Monday, October 06, 2014

DETROIT'S OWN: Flamethrowers

by Ron Bergman
Bruce Stratton and I met while at junior high school in 1956.  Bruce had recently moved into Royal Oak from Detroit and, maybe this was fate, his new house came with an old Stella acoustic guitar. Bruce quickly learned some basic cords and riffs. I borrowed the guitar for a short time, loved playing it and decided to get my own guitar, a Fender MusicMaster.

We learned to play many of the instrumental songs of the day and initially played as a duo for friends. Then we teamed up with Fritz Lyons on drums and started playing at parties, school dances and local teen clubs.

We started writing our own songs to enhance our song list. Several of them were well received by friends, so we decided to publish and record.

The Detroit record scene was booming at that time, with Motown as the leader and about a dozen of smaller studios attempting to compete. We auditioned at Clix Records, in Troy, Michigan, and signed a record contract on August 27, 1960.

Our first record included "The Knights Caper" (the high school teams were the Kimball Knights) and "Suzette" (named after three girls named Susan who lived on the same street as Bruce) and was released on October 17, 1960.  The record sold fairly well locally, but were not distributed beyond the local area; however, Suzette and The Knights Caper received a three (out of four) star pick in Billboard magazine.

The highlight of our career was a performance at the first teen dance at Detroit’s Cobo Hall with WQTE-AM radio's Tom Clay. Also on the bill was Johnny & the Hurricanes and Jack Scott. WQTE referred to it as the battle of the bands, Detroit's Flamethrowers against Toledo's Johnny & the Hurricanes. WQTE had played "Suzette" multiple times prior to the Cobo Hall dance and WJBK featured it on their "Project X" where they introduced new music. The songs received airplay on WXYZ radio when we were appearing at free dances with DJ Don Zee (his tag line was “2 E’s if you please”). It was also played on WEXL during the "Our School Roundup" show.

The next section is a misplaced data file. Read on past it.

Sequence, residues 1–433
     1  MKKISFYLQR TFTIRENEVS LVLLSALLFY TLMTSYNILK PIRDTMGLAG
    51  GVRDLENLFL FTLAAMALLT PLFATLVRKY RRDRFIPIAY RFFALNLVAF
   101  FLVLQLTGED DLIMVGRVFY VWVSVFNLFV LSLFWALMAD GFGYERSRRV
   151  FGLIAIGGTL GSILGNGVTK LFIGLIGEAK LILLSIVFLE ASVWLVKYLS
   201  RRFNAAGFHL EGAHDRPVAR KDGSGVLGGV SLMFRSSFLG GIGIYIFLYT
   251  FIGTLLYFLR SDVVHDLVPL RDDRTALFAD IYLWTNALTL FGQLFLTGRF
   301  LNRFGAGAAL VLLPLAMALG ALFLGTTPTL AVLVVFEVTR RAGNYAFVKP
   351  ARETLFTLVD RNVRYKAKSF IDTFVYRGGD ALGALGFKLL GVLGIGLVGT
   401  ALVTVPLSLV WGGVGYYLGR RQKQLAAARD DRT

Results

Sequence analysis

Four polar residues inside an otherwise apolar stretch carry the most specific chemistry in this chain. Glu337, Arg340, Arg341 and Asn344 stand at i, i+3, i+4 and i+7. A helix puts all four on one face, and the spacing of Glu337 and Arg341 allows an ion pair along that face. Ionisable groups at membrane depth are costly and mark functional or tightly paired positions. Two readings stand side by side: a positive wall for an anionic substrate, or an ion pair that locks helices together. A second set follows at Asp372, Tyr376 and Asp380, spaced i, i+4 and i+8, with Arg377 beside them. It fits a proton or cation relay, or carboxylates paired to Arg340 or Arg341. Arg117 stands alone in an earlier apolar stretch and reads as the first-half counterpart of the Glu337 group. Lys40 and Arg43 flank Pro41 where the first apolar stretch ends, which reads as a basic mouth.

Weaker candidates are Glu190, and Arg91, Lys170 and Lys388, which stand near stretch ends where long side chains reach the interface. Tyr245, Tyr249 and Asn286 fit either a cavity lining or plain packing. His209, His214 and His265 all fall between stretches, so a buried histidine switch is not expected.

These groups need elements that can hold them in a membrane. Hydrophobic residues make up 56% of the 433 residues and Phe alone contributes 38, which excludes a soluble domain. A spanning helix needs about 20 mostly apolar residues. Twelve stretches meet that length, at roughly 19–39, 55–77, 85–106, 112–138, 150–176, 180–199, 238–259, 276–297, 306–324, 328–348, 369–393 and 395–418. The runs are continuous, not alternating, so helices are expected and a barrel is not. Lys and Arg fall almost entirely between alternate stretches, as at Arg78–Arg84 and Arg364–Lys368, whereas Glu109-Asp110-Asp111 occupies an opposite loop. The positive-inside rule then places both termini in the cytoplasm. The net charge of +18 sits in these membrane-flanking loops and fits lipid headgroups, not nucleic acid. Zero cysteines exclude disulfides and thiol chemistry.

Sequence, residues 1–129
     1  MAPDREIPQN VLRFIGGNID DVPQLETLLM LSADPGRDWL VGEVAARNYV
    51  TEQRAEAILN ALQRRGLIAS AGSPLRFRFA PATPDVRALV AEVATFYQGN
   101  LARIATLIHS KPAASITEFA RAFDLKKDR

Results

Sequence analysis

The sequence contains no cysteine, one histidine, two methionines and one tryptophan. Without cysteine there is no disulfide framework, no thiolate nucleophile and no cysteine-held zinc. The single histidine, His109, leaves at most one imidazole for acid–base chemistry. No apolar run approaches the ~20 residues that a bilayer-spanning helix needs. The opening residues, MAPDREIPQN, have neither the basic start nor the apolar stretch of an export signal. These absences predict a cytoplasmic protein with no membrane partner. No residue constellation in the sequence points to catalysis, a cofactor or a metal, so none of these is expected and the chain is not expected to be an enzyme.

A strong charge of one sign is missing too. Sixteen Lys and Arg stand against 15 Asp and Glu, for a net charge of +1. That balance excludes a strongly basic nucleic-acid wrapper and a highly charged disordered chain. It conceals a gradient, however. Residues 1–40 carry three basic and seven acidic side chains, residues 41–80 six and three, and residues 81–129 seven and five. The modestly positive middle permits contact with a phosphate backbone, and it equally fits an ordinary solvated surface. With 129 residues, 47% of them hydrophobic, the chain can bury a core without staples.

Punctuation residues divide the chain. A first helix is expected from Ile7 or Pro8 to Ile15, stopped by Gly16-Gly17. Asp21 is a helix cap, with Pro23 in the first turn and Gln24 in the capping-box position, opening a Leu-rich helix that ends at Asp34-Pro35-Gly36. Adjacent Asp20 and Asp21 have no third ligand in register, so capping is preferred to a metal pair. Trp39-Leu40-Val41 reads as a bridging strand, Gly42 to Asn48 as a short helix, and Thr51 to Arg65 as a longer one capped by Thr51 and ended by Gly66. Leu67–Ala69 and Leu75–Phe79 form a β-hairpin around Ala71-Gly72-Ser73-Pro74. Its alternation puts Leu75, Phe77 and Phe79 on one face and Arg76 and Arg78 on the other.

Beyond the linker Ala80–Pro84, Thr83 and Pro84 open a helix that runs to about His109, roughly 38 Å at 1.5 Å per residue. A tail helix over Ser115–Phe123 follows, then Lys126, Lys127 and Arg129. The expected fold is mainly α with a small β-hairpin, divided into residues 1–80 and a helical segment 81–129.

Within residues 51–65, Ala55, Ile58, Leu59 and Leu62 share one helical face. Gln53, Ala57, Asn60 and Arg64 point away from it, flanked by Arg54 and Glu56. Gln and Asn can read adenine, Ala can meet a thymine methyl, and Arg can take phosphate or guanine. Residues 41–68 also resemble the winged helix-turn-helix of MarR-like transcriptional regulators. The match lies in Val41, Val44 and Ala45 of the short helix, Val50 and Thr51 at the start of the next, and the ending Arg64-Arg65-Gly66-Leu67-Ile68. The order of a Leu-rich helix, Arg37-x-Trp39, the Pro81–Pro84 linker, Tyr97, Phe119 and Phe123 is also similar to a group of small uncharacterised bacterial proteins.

Fritz was primarily a marching band drummer and did not have a full rock band drum set, so Bruce and Ron began looking for a rock band drummer. They not only located a drummer, Lowery Day, but also a bass guitar player, Paul Hinderer. These additions gave the group a fuller, more intense sound.

With this new sound, we decided to return to the recording studio. The second record featured "Intensity" and "Wippy Wow" and was recorded at Clix records on November 26, 1960. Clix records was primarily a country music label and the Flamethrowers rock and roll didn't sell well with the dealers that normally marketed Clix. As a result, Clix decided not to market the second record.

We decided to create our own label, Bel-Mar, and found a local company to press a small number of copies. The record was released on February 20, 1961 and sold only through local dealers.

The Flamethrowers disbanded when Bruce and Ron graduated from Royal Oak's Kimball High School in June 1961. 
UPDATE: Bruce's goal was to start a career in broadcasting. He completed his military service in the US Army and then went on to a very successful career in radio, including stints on Detroit Radio WEXL, WQRS, WOAK. He returned to the recording studio in 1987 and had a big hit on Sun Records with "Haunted House" and "Shake Em Up and Let Em Roll."  Bruce retired from the broadcast business and is now living in Corpus Christi, Texas.

After graduating from college, Ron had a long career as an electrical and firmware development engineer for computer peripheral equipment. Recently retired and living in Maui, Hawaii, he now has some free time to play guitar and is attempting to re-learn all the old songs. 

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